|Publication number||US4347939 A|
|Application number||US 05/726,223|
|Publication date||Sep 7, 1982|
|Filing date||Sep 24, 1976|
|Priority date||Sep 24, 1976|
|Publication number||05726223, 726223, US 4347939 A, US 4347939A, US-A-4347939, US4347939 A, US4347939A|
|Inventors||John D. Upton|
|Original Assignee||Upton John D|
|Export Citation||BiBTeX, EndNote, RefMan|
|Patent Citations (6), Referenced by (8), Classifications (10), Legal Events (1)|
|External Links: USPTO, USPTO Assignment, Espacenet|
In prior U.S. Pat. No. 3,866,845, which is assigned to the assignee of the subject application, a thermoformed closure for a container is disclosed in which the closure material is of two sheets of material which are bonded together. In a preferred embodiment of the invention, one of the sheets of material is a relatively hard plastic, for example polystyrene, polyethylene, etc., while the other sheet is of a softer material, for example of a rubber-like plastic material such as that sold under the trademark KRATON. In the closure of that patent, the two sheets of material are bonded together, for example by laminating, before the laminate is placed in a thermoforming mold. The thermoforming operation is carried out in a manner such that the sheet of softer material is on the inside when the closure is formed. The purpose of the closure of the aforesaid patent is to eliminate the need for a separate liner, which is usually glued or force fit into the closure, and also to eliminate the separate lining operation.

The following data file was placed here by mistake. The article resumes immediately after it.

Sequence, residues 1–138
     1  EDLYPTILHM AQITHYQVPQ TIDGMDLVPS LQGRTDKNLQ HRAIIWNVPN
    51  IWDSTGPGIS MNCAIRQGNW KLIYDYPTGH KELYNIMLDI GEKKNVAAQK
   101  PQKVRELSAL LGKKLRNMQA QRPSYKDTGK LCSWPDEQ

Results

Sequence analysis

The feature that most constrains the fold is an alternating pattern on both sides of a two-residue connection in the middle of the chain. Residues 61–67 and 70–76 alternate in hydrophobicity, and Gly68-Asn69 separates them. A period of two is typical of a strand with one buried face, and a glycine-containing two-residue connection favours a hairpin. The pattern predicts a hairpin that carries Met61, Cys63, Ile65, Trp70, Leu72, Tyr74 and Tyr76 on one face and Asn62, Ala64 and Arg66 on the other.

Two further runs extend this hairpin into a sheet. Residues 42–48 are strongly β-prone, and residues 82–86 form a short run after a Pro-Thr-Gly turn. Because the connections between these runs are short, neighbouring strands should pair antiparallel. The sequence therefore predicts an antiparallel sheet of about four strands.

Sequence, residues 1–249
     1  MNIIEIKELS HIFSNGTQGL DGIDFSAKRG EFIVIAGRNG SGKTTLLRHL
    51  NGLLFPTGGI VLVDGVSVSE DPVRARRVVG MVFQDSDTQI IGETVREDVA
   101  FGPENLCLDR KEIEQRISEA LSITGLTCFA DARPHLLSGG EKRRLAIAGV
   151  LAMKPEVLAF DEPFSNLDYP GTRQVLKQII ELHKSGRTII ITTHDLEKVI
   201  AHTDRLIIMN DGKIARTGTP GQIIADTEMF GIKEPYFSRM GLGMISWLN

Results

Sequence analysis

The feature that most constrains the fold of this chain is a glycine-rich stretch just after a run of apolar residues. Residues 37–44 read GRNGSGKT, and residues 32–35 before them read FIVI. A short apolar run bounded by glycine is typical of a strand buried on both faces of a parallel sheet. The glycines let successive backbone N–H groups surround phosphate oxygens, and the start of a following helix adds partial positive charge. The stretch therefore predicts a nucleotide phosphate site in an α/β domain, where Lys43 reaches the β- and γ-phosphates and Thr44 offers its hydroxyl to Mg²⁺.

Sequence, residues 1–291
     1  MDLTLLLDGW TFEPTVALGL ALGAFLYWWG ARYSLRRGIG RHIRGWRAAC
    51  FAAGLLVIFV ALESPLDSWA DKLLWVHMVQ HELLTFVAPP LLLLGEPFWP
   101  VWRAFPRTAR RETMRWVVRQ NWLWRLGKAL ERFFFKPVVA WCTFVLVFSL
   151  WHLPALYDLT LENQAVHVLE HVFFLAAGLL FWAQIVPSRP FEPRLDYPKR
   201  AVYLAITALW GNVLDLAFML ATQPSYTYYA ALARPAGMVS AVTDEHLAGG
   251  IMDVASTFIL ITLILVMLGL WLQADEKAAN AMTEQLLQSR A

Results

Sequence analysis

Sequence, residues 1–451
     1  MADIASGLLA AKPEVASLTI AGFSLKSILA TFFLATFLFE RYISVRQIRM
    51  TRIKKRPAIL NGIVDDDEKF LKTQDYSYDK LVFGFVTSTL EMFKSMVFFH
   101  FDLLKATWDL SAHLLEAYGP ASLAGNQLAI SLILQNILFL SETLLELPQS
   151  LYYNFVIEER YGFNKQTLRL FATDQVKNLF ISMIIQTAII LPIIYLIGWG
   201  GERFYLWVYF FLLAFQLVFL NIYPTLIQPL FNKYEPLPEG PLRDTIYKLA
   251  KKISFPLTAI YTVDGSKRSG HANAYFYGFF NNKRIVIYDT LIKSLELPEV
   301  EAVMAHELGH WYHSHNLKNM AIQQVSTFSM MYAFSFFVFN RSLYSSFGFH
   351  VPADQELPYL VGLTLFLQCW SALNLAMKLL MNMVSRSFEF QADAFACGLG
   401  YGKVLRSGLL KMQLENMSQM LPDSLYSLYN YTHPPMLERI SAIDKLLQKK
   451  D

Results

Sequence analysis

The thermoplastic rubber material used for the preferred embodiment of closure disclosed in the prior United States patent, although effective in providing a seal, had certain disadvantages. One disadvantage of the thermoplastic rubber material is its relatively high cost. Of course, less expensive plastic materials which are softer could be used. Another disadvantage was the high coefficient of friction associated with a thermoplastic rubber material. This causes some difficulty in tightening the closure onto the container. This can be overcome by special treatment of the liner material to reduce the coefficient of friction.